Q1 2018 Employment stats don't necessarily mean we're out of the woods

Gugu Mjadu
Statistics South Africa’s Quarterly Labour Force Survey for Quarter 1 of 2018 was released on Tuesday. According to the report, formal employment increased by 56 000 jobs in the first three months of this year. While 56 000 additional jobs looks impressive, Gugu Mjadu, spokesperson for the 2018 Entrepreneur of the Year® competition sponsored by Sanlam and BUSINESS/PARTNERS, says that we need to remain focused on boosting entrepreneurship as the primary source of job creating for real, sustainable economic change.

“Blanket statistics like this, while encouraging, don’t always paint the full picture in terms of our success and growth areas regarding job creation,” says Mjadu, alluding to the fact that the biggest increase in jobs was in the government sector. “We need to continue to put our energy behind creating a favourable environment for entrepreneurial successes. Unfortunately, many local entrepreneurs remain challenged by a number of common barriers to entry,” says Mjadu.  These include the slow rate of economic growth and transformation, coupled with difficulty of access to funding and development opportunities, which continues to be a career-hampering burden – particularly for young entrepreneurs.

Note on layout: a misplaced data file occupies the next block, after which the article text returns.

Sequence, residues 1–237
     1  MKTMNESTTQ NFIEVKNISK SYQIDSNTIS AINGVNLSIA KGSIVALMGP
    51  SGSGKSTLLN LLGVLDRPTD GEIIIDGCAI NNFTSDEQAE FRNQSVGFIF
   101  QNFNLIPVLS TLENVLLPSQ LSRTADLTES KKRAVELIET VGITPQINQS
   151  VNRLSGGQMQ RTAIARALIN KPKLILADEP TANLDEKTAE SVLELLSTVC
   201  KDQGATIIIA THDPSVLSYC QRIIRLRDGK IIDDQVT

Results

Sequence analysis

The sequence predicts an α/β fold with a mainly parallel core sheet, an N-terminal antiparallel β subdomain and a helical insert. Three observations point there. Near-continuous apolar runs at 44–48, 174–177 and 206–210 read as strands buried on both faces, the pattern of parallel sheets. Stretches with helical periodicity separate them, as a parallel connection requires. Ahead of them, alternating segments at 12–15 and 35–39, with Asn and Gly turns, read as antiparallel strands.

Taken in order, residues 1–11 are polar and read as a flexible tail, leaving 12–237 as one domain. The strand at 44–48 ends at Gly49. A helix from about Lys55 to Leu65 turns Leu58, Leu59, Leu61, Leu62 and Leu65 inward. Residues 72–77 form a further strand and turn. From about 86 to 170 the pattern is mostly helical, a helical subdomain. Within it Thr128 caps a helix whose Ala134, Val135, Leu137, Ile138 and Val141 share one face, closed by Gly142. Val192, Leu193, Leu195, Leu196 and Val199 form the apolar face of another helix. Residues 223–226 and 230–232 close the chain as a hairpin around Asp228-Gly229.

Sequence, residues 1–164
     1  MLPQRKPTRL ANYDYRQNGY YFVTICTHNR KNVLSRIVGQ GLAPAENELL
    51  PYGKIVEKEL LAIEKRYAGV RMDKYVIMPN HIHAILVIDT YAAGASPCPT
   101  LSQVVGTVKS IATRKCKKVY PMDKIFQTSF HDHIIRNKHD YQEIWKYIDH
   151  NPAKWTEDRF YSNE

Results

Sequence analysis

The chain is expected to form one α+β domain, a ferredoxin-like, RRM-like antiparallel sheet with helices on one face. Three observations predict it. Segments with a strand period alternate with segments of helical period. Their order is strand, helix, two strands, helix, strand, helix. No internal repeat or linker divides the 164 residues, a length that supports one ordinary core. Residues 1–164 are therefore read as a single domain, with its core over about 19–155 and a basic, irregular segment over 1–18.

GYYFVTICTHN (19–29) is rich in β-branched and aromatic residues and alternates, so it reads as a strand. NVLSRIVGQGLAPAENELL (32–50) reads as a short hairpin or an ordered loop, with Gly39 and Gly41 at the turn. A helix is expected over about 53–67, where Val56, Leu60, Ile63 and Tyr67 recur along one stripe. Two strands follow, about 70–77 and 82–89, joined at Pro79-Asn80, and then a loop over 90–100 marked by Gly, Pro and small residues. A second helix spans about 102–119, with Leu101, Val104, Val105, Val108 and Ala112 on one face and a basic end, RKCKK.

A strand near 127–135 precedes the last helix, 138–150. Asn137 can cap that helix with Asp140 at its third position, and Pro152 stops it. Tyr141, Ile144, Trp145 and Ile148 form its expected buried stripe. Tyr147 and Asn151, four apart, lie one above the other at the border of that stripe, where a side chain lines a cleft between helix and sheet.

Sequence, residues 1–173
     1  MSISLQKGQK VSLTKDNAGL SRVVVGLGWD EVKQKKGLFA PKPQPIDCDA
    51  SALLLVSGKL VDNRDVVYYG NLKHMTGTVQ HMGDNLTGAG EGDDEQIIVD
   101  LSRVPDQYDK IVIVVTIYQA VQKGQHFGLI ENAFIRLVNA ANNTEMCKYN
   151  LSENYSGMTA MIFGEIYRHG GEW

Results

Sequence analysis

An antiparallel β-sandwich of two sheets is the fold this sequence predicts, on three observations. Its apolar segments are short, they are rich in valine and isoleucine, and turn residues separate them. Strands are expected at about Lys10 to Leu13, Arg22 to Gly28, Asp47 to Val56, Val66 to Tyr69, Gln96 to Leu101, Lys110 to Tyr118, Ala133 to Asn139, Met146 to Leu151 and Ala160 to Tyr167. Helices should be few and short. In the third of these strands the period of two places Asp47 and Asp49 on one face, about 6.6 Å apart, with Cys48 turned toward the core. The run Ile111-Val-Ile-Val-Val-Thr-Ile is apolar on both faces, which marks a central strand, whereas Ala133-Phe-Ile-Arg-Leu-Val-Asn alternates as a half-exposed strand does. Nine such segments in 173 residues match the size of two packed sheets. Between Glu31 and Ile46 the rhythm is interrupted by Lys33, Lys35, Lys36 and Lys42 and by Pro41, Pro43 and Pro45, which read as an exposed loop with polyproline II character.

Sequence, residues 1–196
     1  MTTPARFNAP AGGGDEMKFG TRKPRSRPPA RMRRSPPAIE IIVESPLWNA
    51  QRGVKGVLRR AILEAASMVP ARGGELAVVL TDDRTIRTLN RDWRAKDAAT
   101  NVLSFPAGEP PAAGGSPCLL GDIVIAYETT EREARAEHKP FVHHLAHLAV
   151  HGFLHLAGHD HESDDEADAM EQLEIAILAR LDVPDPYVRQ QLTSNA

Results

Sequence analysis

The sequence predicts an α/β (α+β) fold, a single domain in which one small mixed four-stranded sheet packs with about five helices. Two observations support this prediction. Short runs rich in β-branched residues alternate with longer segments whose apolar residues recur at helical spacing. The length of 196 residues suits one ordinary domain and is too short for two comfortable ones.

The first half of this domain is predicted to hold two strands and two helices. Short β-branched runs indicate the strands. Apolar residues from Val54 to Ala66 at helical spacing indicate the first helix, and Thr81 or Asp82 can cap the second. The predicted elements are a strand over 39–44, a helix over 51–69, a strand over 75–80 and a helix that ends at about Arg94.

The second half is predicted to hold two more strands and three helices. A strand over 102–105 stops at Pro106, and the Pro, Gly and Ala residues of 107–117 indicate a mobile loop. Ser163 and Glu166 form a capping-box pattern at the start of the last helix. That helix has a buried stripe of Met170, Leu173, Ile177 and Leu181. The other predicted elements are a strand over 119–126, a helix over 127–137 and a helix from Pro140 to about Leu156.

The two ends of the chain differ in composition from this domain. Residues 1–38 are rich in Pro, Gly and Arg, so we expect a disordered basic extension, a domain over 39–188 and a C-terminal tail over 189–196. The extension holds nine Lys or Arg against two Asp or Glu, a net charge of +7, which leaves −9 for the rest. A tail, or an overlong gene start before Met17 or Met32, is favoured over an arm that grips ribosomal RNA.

Mjadu says that entrepreneurs need to apply a fresh approach for overcoming these barriers for themselves.  “Entrepreneurs are naturally driven and passionate individuals who are known for ‘taking the bull by the horns’ when it comes to achieving their dreams. For young entrepreneurs to succeed, they need to put this into action more – they should not just accept no as an answer but approach a financier for feedback on how to improve their chances of receiving support.”

She says that the larger, more publicised initiatives by government to address entrepreneurship and youth unemployment, are important, but they cannot be successful without the solution-driven contribution of the entrepreneurial sector itself. “While the private and public sectors must help foster an environment within which young entrepreneurs can thrive, a vital component of addressing these issues lies with young entrepreneurs because of their ability to seek out opportunities amid challenges,” says Mjadu.

Mjadu highlights a lack of access to funding, business networks and basic entrepreneurial training as some of the key issues faced by young entrepreneurs.

In conclusion, Mjadu says that young entrepreneurs need to employ a problem-solving attitude and believe in their entrepreneurial endeavour enough to persevere, in spite of the many problems they may encounter. Where they encounter challenges, they should address the issues facing their businesses head-on and always look to create new opportunities for growth.